II. Contraindications

  1. Do not attempt to reduce a Chronic Shoulder Dislocation present for >3-4 weeks
    1. Prolonged dislocations form adhesions between Humerus and axillary artery
    2. Risk of axillary artery rupture on relocation maneuvers
    3. Relocation should be by orthopedic surgery typically in the operating room
  2. References
    1. Herbert and Webley in Herbert (2015) EM:RAP 15(3): 1
    2. Verhaegen (2012) Acta Orthop Belg 78(3): 291-5 [PubMed]
    3. Sahajpal (2008) J Am Acad Orthop Surg 16(7): 385-98 [PubMed]

III. Precautions

  1. Reduction becomes more difficult as Muscles tighten
    1. Do not delay reduction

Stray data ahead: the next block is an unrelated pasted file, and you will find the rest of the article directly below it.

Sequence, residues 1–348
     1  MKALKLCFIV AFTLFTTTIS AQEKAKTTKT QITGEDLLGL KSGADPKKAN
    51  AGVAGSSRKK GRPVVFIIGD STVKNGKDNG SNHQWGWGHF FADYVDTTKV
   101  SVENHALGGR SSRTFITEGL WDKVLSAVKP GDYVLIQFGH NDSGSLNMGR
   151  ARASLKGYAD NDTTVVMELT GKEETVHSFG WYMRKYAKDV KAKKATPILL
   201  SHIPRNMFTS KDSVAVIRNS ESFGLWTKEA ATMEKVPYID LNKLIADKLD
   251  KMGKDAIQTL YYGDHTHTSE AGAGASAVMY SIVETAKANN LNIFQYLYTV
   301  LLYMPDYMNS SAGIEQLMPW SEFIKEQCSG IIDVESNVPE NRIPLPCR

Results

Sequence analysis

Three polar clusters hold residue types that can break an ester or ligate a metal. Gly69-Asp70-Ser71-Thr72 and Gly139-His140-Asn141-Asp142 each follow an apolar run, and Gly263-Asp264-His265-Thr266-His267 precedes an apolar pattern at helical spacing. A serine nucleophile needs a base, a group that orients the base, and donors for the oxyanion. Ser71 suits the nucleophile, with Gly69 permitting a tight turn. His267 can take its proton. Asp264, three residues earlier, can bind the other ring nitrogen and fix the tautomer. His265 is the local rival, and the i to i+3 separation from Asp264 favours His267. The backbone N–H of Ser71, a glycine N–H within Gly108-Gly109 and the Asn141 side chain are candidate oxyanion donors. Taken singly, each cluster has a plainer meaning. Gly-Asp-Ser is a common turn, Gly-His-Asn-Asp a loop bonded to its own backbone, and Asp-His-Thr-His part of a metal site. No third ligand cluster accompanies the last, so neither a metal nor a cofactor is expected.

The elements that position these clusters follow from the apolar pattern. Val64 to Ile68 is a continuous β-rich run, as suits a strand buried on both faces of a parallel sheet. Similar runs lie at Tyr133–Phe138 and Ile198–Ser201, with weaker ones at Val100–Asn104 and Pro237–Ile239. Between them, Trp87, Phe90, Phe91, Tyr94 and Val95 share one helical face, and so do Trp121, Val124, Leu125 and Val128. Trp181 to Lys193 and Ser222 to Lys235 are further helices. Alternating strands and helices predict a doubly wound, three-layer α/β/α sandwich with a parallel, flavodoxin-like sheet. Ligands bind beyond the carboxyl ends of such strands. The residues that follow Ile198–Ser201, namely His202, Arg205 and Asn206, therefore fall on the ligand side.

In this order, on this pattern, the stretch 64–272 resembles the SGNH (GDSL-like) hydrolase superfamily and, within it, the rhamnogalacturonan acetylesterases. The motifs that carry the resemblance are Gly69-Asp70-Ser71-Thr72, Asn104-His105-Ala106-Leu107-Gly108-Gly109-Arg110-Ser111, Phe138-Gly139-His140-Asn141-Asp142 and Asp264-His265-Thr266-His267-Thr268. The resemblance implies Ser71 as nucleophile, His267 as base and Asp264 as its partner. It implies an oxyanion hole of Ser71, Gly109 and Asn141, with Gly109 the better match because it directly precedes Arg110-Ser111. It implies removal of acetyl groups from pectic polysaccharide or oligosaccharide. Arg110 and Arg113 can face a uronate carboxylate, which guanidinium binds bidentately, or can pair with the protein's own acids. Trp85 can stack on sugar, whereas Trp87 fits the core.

2. Reduce on sideline in field if possible
  2. Check neurovascular exam before and after reduction
    1. Include axillary nerve function (Sensation lateral Shoulder, deltoid Motor Strength)
  3. Obtain AP and Axillary XRay prior to reduction

IV. Management: Premedications

  1. Some of the techniques may be effective without Anesthesia (e.g. Cunningham and Davos)
  2. Consider Intra-articular Injection
    1. Inject 20 ml of Lidocaine 1% into the glenohumeral joint
      1. Consider using 20 gauge spinal needle for adequate length
      2. Inject over 20-30 seconds and expect maximal effect at 10-15 minutes
    2. Approaches (lateral approach preferred)
      1. See Glenohumeral Joint Injection
      2. Posterior Shoulder intraarticular injection or
      3. Lateral Shoulder intraarticular injection
    3. As effective as analgesia, sedation for pain relief and successful Shoulder reduction